is very similar to the Hill's song. Also in 1858, a similar tune Good Night to You All
was published. Therefore, Good Morning to All
might not have been a completely original song even in 1893 - which would be consistent with folk
music. Other [unknown] people adapted the Happy Birthday
lyrics to the song, a few publishers included it in their compilations (songbooks) and others started using it in plays and singing telegrams, while Good Morning to All
was still under copyright protection. The song became popular. The Hill family sued for infringement and won. The next year, a copyright registration was filed for the Happy Birthday
version of the song. That copyright
is now owned by Warner-Chappell/Summy-Birchard. However, just because a copyright is registered doesn't mean it's valid. A copyright registration is only prima facia
evidence. Just because someone threatens to sue doesn't mean they would win. One lower court's 1934 ruling couldn't be binding on the whole country, much less the world.
Under the U. S. law of 1909, the effective date of copyright is the date of first publication. The U. S. Copyright Office states: "The copyright in the work of authorship immediately becomes the property of the author who created the work.
[The Hills did not create the Happy Birthday to You
version.] Only the author or those deriving their rights through the author can rightfully claim copyright.
" There is proof that the song was published as Happy Birthday to You
at least by 1915, which is prior to the public domain mark at 1923. Good Morning to All
was not public domain in 1915, but it is now. Also, according to the 1909 Copyright Act, publication without notice forfeited the copyright for the publications in the 1920's. A copyright registration dated 20 years after publication is not valid under the 1909 Copyright Act. That would seem to indicate that the whole song is now in the public domain.
In summary and in answer to my three questions asked in this article, Good Morning to All
is public domain and free to use, even for commercial use. The Happy Birthday to You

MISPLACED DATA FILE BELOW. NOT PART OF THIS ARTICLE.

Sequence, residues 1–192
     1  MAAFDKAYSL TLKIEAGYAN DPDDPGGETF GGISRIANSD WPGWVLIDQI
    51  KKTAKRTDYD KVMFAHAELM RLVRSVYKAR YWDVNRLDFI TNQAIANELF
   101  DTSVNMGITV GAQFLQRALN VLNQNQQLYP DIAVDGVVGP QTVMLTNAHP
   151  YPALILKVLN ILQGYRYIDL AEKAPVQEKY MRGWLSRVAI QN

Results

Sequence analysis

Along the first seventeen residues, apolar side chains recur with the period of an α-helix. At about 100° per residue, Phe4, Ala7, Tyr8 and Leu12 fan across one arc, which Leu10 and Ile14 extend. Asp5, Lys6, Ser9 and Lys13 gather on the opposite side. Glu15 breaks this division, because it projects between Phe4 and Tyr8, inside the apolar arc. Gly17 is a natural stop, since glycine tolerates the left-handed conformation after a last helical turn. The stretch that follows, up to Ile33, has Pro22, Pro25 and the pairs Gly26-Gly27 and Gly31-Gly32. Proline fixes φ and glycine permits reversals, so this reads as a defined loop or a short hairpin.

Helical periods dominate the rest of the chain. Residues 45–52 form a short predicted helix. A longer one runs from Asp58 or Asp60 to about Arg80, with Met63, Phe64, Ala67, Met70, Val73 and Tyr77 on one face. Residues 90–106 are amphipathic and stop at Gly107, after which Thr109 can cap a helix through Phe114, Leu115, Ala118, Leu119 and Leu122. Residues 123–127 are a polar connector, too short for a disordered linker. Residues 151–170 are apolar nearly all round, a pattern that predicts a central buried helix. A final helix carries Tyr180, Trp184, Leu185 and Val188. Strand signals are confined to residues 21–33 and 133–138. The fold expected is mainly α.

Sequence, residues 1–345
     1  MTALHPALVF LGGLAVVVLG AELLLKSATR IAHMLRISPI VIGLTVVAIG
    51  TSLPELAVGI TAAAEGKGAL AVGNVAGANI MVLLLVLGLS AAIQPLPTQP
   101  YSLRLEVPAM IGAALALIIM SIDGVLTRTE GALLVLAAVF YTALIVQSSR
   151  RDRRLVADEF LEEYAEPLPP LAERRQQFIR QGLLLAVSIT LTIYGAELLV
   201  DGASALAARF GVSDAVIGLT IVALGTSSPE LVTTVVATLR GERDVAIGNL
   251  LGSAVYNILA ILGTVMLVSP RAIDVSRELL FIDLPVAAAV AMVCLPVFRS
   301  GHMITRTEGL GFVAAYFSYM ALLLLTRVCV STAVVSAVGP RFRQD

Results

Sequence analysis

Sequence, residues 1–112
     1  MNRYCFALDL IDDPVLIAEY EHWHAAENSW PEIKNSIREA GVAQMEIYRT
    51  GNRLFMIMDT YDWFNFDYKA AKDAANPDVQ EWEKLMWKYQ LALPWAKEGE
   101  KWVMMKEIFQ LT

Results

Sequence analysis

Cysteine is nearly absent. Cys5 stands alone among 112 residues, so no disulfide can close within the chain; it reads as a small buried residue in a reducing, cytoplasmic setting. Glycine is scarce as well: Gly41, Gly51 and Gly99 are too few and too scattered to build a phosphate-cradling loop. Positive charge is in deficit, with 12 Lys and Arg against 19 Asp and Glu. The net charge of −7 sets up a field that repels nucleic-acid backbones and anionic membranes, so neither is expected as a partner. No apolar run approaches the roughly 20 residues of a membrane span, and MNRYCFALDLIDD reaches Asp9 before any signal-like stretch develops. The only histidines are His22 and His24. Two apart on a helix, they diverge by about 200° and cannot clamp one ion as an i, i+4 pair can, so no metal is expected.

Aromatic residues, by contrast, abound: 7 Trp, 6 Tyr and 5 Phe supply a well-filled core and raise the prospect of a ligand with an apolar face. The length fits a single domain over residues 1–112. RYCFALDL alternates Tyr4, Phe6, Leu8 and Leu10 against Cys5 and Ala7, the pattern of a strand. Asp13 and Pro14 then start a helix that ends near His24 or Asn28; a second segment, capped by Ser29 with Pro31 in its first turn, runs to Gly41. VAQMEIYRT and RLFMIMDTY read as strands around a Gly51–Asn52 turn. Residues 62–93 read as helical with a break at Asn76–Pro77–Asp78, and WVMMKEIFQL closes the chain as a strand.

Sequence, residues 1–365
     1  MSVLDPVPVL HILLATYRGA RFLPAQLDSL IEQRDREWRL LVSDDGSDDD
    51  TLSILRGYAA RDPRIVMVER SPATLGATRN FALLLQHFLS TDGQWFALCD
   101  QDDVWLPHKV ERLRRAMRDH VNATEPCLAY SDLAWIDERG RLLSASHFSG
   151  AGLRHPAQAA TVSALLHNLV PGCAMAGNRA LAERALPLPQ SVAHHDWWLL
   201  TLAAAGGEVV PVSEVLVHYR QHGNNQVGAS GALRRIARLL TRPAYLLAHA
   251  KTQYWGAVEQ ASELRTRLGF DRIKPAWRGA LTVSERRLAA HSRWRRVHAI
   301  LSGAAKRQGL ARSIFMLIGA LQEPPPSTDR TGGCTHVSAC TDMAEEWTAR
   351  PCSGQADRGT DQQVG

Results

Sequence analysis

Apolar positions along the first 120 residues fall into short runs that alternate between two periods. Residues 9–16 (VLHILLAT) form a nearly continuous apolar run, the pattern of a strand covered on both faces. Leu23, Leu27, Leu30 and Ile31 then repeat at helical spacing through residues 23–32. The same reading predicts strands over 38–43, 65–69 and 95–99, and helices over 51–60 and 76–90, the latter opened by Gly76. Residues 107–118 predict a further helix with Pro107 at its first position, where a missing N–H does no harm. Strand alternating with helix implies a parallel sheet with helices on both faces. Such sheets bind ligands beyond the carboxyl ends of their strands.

melody is probably
the same as the Good Morning to All
melody in a legal sense. Happy Birthday to You
(with the lyrics) might
be public domain.
My own comments do not constitute legal advice in any way. I am not a lawyer
. This is the result of my own personal study. I accept no liability resulting from the use or misuse of my article
. This is not an endorsement of any link(s) in this editorial. For more information on what material is public domain in the United States, refer to Lolly Gasaway's PD chart
. Read the copyright basics
at the U. S. Copyright Office's Website, and freely access recent
case law at Findlaw.com
. The Nolo book The Public Domain
is an informative resource, written by an attorney. Before using any tune commercially, it is best to check with a lawyer, or research group such as Public Domain Report
or Music Reports
, which may or may not agree with the opinions in this article.
Nice job researching this! Fascinating.
I'm not sure what they are, but they are something.
Mrs. Jones, pictured above, was caught singing "Happy Birthday" to her nephew and was sentenced to 3 years dressed as a peacock.
I have seen a few movies where the 'Happy Birthday' song is done to different music, probably in recognition of the asserted copyright.
A millenium after the death of an author isn't "a limited time". Neither is a century. The Constitution specifies a "limited time" for a reason. Of course they should just print the Constitution on toilet paper because that's how most people in government treat it these days.
Gee, I wonder if Orin Hatch every sang "Happy Birthday" in public without paying a royalty?
Would that give us the right to trash his personnal property?
Yeah, what's up with that? I was hoping I'd see that lobster singing Happy Birthday!
I find it strange that if I create a life saving drug, I get 20 years patent protection but a silly song like "Happy Birthday To You" is still bringing in the bucks for the author. So in 20 years the drug formula becomes "public property" but the source code for Windows 3.1 will still be locked in a Redmond vault until the next millenium.
Sad, isn't it.
There was a series of books published that listed all of the movies that were considered to be public domain. The books were expensive, something like $500 per decade, but the information was invaluable for someone who might be interested in releasing obscure movies on video.
Now, thanks to the lobbying efforts of Disney and others, those books are not worth the paper they are printed on. For all intents and purposes EVERYTHING is now copyrighted FOREVER. Nothing will ever fall into the public domain ever again for eternity. This is what our country and our laws have become, a playground for corporate and vested interests.
See "Carolina Cannonball" or "Valley of the Eagles" lately? No? Don't worry, you never will. There are literally thousands and thousands of great old movies that you will never, ever see, thanks to our shiny new copyright laws. Doesn't matter if it is sixty years old and everyone involved in the making of it is dead, that movie is still fully copyrighted, and if you dare to make a copy and sell it the corporate copyright holders will sue you for everything you own.
I was looking into getting into the business of making DVD's out of old public domain movies and then selling them for a few bucks, but with the new laws (thanks Disney!) I've given up on that idea. Lawyers and corporations get everything, everybody else gets nothing. That's what America is all about, right?